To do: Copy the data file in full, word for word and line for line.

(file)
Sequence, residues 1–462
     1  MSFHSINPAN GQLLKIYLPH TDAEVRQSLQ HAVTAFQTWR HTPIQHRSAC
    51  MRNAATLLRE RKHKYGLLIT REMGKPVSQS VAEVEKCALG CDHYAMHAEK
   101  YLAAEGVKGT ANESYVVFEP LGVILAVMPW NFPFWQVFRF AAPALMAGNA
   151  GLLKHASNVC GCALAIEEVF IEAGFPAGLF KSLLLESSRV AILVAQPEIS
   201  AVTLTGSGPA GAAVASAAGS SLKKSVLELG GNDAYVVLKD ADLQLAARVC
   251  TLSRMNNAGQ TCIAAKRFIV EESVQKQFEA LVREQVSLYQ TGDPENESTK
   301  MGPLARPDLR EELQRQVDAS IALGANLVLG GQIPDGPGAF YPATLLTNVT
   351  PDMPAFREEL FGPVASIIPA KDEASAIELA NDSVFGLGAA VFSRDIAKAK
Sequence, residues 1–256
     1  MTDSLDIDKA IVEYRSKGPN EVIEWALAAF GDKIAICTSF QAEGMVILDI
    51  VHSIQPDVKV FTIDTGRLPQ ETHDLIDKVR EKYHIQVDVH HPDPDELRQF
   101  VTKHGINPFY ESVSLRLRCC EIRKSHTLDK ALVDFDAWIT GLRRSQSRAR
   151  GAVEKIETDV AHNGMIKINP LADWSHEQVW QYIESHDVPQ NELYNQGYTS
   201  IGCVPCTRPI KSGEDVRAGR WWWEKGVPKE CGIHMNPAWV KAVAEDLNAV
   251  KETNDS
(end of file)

Sequence, residues 1–462
     1  MSFHSINPAN GQLLKIYLPH TDAEVRQSLQ HAVTAFQTWR HTPIQHRSAC
    51  MRNAATLLRE RKHKYGLLIT REMGKPVSQS VAEVEKCALG CDHYAMHAEK
   101  YLAAEGVKGT ANESYVVFEP LGVILAVMPW NFPFWQVFRF AAPALMAGNA
   151  GLLKHASNVC GCALAIEEVF IEAGFPAGLF KSLLLESSRV AILVAQPEIS
   201  AVTLTGSGPA GAAVASAAGS SLKKSVLELG GNDAYVVLKD ADLQLAARVC
   251  TLSRMNNAGQ TCIAAKRFIV EESVQKQFEA LVREQVSLYQ TGDPENESTK
   301  MGPLARPDLR EELQRQVDAS IALGANLVLG GQIPDGPGAF YPATLLTNVT
   351  PDMPAFREEL FGPVASIIPA KDEASAIELA NDSVFGLGAA VFSRDIAKAK
Sequence, residues 1–256
     1  MTDSLDIDKA IVEYRSKGPN EVIEWALAAF GDKIAICTSF QAEGMVILDI
    51  VHSIQPDVKV FTIDTGRLPQ ETHDLIDKVR EKYHIQVDVH HPDPDELRQF
   101  VTKHGINPFY ESVSLRLRCC EIRKSHTLDK ALVDFDAWIT GLRRSQSRAR
   151  GAVEKIETDV AHNGMIKINP LADWSHEQVW QYIESHDVPQ NELYNQGYTS
   201  IGCVPCTRPI KSGEDVRAGR WWWEKGVPKE CGIHMNPAWV KAVAEDLNAV
   251  KETNDS